Chris: Could you tell us about your earliest experiences in the games industry working on titles such as Hydefos and Neural Gear? What was it like to work early computers such as the X68000, MSX-2, and PC-9801 on such titles?
Keishi Yonao: While Hydefos was released for the MSX-2, I made the songs for it in MML format using original drivers made by Hz. I made two different versions for it: one using the basic internal sound font PSG3 and one that used the FM-PAC. As almost all this was a new kind of work environment for me, I gained programming skills bit-by-bit while reading the user’s manual as I was composing. Of course, I had a deadline to meet and I was very conscious to push my skills over the limit to meet it…
As for the PC9801, I don’t remember having done much for this system aside from Lenam. Since it was a port work, I didn’t really compose anything for it and didn’t work on it for very long. My memories of this project are pretty vague, but I think I made a converter and gave it to the programmer.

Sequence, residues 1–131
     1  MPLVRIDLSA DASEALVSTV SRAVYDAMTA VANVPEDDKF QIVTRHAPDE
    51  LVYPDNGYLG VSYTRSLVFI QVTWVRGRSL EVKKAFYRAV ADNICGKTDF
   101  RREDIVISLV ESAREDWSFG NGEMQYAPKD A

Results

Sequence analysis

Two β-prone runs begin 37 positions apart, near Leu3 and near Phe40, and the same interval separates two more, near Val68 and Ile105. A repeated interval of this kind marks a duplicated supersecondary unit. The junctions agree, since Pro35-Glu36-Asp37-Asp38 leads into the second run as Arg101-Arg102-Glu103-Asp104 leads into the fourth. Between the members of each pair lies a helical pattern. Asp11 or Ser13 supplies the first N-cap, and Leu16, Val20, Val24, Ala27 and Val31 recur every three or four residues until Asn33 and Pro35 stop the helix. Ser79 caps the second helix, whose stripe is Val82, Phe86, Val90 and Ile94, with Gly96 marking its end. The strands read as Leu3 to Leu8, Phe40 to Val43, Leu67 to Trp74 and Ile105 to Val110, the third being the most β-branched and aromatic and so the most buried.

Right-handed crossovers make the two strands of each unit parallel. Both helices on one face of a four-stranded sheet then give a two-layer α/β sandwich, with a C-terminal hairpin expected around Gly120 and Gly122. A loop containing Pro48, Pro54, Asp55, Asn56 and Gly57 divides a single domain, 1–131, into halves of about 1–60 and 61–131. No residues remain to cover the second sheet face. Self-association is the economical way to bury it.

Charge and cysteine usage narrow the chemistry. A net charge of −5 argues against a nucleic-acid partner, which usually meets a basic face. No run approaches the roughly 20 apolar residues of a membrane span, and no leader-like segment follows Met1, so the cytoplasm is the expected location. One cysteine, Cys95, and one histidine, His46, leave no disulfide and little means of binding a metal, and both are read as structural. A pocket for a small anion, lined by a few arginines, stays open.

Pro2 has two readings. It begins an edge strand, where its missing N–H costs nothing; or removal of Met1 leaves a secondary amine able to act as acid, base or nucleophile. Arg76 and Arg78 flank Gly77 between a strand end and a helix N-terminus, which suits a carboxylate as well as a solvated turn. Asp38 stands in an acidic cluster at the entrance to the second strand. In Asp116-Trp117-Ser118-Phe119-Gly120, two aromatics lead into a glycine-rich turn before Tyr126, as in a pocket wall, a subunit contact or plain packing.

Chris: How did you then go on to carve a niche with Sharp systems?
Keishi Yonao: When I made the music for the Neural Gear that was released in the X68000, the work environment consisted of the YM2151 I used during my student days with an ADPCM added. This allowed me to greatly expand the breadth of the songs. I managed to draw a more realistic atmosphere for my pieces, for example by using the ADPCM for the drums.
That said, sampling sound sources was still a lot of trouble. Even if the base materials had an excellent sound, their quality would degrade once I sampled them, so I wasn’t really able to get the sounds I hoped for. As the ADPCM tracks can only emit one sound at the same time, I needed to do all sorts of tricks like finely replacing the sounds as they were emitted, which was quite hard.